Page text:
The EU PNR is delayed by MEPs, but the Russian PNR arrives

By EDRi · June 19, 2013

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Deutsch: [MEPs verzögern EU-PNR, aber EU-Russland PNR wird kommen |]

On 10 June 2013, the MEPs were supposed to vote on the recommendation of
EP LIBE Committee (Civil liberties committee) to reject an EU passenger
data retention system (Passenger Name Records or PNR), proposed by the
EU Commission. Yet, a majority of MEPs decided to refer it back to LIBE,
following a request by British MEP Tim Kirkhope. He cited “technical
reasons” for the request and the ECR group said that the file was
originally rejected in the same LIBE Committee because of a “random” or
“accidental” majority.

Yet, some of the members accuse political interests. “Referring the
anticipated decision on the draft EU PNR system back to the civil
liberties committee is a cynical act of chicanery. The committee voted
to recommend the rejection of the PNR system, due to concerns about its
disproportionate and far-reaching nature, and this recommendation should
have been put to the vote this week. The EP’s conservative
draftsperson/rapporteur is trying to pull a fast one simply because the
committee’s recommendation did not suit his agenda. The concerns with
the proposed system have not in any way diminished. If anything, with
the latest revelations about US infringement of the privacy rights of
European citizens, we should be even more cautious about establishing
more data grabbing and profiling systems. Against this background, it is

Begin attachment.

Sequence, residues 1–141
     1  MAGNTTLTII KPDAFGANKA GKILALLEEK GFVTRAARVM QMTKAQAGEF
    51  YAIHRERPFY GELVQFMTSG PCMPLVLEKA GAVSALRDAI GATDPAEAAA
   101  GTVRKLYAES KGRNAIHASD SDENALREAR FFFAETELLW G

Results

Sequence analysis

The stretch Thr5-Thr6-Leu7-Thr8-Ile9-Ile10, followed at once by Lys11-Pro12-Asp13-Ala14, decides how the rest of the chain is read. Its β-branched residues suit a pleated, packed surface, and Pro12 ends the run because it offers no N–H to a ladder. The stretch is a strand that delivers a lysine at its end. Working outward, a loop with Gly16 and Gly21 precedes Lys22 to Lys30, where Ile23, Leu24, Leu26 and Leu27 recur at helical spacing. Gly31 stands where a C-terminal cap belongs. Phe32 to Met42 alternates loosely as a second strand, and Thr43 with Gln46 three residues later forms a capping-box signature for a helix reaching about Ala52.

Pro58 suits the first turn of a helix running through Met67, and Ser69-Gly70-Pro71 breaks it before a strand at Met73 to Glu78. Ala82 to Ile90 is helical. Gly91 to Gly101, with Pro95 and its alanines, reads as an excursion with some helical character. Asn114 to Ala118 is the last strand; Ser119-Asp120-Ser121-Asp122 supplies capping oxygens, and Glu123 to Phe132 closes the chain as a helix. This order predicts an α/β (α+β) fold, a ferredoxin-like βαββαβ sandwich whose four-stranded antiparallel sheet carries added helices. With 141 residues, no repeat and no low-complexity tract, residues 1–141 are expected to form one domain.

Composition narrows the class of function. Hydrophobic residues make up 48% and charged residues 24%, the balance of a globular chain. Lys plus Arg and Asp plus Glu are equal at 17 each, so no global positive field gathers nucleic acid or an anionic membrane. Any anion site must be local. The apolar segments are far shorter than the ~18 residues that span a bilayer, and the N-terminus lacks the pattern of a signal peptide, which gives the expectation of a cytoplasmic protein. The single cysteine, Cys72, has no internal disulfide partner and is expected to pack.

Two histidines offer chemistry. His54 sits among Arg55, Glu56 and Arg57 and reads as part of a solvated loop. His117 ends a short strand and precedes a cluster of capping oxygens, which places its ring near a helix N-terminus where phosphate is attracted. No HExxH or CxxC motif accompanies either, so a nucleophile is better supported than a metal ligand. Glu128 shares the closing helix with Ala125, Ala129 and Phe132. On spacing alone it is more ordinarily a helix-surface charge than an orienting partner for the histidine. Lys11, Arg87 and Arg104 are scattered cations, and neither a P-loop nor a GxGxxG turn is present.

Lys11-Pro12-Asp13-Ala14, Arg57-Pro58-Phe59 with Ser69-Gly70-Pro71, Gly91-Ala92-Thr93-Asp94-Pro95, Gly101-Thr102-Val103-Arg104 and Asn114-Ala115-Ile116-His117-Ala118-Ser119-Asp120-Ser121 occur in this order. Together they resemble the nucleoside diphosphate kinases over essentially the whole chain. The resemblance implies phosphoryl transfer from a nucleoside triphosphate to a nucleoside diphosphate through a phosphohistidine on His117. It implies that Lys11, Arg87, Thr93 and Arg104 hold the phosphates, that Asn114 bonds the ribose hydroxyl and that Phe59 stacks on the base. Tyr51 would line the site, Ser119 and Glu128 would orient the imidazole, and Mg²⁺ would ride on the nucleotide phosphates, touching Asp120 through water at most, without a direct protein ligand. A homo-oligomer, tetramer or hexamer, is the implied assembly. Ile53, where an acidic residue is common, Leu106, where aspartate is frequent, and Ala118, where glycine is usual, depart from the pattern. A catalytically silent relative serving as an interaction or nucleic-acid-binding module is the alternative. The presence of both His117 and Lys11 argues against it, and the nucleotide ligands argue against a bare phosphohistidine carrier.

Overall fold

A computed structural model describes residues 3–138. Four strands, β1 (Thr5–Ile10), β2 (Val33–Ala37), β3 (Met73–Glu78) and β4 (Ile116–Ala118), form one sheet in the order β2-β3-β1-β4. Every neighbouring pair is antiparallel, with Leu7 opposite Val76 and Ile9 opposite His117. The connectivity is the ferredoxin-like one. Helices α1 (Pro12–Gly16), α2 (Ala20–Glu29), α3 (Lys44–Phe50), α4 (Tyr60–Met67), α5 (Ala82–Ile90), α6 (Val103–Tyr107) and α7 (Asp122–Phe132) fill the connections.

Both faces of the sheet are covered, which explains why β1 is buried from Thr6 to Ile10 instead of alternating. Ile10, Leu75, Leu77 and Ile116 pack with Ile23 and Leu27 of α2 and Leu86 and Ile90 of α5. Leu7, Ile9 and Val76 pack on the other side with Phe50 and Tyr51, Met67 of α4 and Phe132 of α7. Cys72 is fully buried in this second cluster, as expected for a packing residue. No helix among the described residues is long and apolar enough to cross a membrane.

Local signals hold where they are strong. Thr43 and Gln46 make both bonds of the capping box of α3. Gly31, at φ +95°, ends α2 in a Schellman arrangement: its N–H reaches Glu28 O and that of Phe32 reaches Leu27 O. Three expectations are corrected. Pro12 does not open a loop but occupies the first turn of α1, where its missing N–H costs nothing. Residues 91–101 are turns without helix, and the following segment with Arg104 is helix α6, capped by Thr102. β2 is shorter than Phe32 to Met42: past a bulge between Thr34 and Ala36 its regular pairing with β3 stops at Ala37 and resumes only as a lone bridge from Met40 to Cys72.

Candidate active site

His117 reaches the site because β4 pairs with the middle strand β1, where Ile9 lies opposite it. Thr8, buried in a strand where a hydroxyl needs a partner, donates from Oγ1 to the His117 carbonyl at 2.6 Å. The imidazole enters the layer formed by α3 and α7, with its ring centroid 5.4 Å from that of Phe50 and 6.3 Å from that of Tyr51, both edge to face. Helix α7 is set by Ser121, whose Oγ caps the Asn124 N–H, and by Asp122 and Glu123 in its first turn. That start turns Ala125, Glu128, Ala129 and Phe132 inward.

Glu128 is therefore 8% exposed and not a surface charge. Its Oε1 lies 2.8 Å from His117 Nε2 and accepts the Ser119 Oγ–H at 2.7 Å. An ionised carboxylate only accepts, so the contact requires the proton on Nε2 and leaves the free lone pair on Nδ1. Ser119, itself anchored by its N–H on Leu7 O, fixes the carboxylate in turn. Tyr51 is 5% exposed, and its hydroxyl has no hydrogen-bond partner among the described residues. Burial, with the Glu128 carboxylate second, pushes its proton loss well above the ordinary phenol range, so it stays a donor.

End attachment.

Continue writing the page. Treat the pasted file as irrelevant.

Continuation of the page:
to be hoped that the committee delivers the same negative verdict on the
EU PNR system and that the democratic process is allowed to run its
course,” stated Jan Philipp Albrecht (Greens/EFA).

Meanwhile, starting with 1 July 2013, the EU airlines, will be forced
to hand over passengers’ personal data, such as credit card details, to
Russian security services, under a new decree passed by Russia in July
2012, without EU knowledge, to establish a PNR and then request
passenger data from airlines companies for all flights passing through

Kirill Ivanov, a spokesman for Russia’s EU ambassador, told EUobserver
that Moscow had published the full text of its new PNR law in September
2012 even if it did not send a special notice to Brussels.
“These measures can hardly be qualified as unexpected … the EU had
sufficient time to prepare for this document entering into force,”
said the spokesman.

Dutch Liberal Sophie in ‘t Veld, considered that the European Commission
should have been aware of the issue and that the commissioner in charge
of the dossier, Sweden’s Cecilia Malmstrom had had a “passive …
bureaucratic … mysterious” approach on the matter.
She also drew attention over the fact that, by signing EU-US PNR, the EU
position in the negotiation with Russia and other countries has been
weakened, as the EU can’t deny to others what has accepted to give to the
Americans. Several other countries are also planning to impose PNR
regimes on EU passengers, such as Canada, India, Malaysia, Qatar, Saudi
Arabia, South Africa and the United Arab Emirates, “It’s only a matter
of time before China starts collecting data as well,” she said.
The serious issue is that many of these countries, including Russia,
have a track record of potential data abuses infringing human rights.

EU PNR vote prevented by chicanery, as data protection concerns abound

European Parliament delays vote on sharing passenger data with US
authorities (11.06.2013)

Russia blames EU for airline data fiasco (11.06.2013)

EDRi-gram: Call for Action: Vote on the retention of air passenger data
(PNR) (5.06.2013)